This, coupled with the last few years drought has meant that Westlands over the last few years have had to temporarily retire between 30 to 50% of the land within the District (180,000 to 300,000 acres) from receiving any water allocation. Understandably, there is a strong feeling amongst the farming community that regulation is weighted to heavily on wildlife conservation, rather than food production. It is true that

“Food only grows where water flows”

and as such, unless the farms which have been retired from water allocation have their own bore holes, they have dried up and become unproductive.

A farm located within the Westlands Water District that has recently installed a bore hole well to help secure water supply.



The cost of water forms a vital part of every farms annual budgeting. To receive surface water, first, one must own water rights which specify their allocation. Then if available, that allocation must be purchased. The price of water is increasing, with prices varying from around $1,300 per acre foot at present and rising to $2,000 per acre foot for next year’s supply. Margins are getting tighter and more technologies are being advanced to reduce on farm water use.

IN SUMMARY, better technologies need to be adopted to reduce water use and wastage, such as;

  • Greater adoption of drip irrigation systems
  • Better lined channels for transporting water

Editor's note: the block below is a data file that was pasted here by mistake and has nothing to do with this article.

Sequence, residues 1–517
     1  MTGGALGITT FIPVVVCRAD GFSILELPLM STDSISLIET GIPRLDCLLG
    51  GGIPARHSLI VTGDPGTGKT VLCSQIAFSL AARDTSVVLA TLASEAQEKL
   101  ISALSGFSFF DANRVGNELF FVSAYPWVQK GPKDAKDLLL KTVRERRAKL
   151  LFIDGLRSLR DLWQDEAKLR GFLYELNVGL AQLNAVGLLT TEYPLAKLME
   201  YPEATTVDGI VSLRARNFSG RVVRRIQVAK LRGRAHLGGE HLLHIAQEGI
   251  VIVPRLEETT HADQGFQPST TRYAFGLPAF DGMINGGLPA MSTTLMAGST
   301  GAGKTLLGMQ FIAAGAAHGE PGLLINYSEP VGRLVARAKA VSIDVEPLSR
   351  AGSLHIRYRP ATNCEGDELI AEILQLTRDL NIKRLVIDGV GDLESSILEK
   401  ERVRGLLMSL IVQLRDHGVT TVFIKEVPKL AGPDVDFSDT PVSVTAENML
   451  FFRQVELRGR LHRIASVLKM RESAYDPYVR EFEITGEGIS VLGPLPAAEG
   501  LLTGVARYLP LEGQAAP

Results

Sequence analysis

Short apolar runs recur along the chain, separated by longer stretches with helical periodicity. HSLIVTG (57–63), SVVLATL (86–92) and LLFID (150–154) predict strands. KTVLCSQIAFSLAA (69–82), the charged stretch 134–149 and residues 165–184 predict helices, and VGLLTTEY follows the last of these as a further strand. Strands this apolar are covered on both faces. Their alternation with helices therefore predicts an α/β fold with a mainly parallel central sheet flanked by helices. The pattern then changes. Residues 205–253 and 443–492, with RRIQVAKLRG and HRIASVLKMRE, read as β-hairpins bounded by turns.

• Automatic systems that use water more intelligently.
  • Reuse and recycling systems
Land being prepared for tomato planting which will be drip irrigated


Concrete channel filled with water from borehole


The following also needs to be considered;

  • Better accountability for environmental management actions
  • Regulatory reform that better distinguishes policy from science
  • Need to address scientific uncertainty, especially if as an outcome regulation is overly or unnecessary protective
  • Consolidation and adoption of a streamlined permitting process
  • Broader collaboration sector wide

As California rapidly grows in population to reach an estimated 48 million by 2030 from 39 million in 2015, local and state water managers will need to carefully address the demands of both urban and rural needs to ensure that California has a water supply system that is fit for the future.

Our morning visit to Westlands Water District was a poignant reminder that without water, food will not grow. The central valley produces approximately 15% of the nation’s agricultural output, on 1% of the total US’s farmland area, and therefore finding a solution to the water crisis is paramount.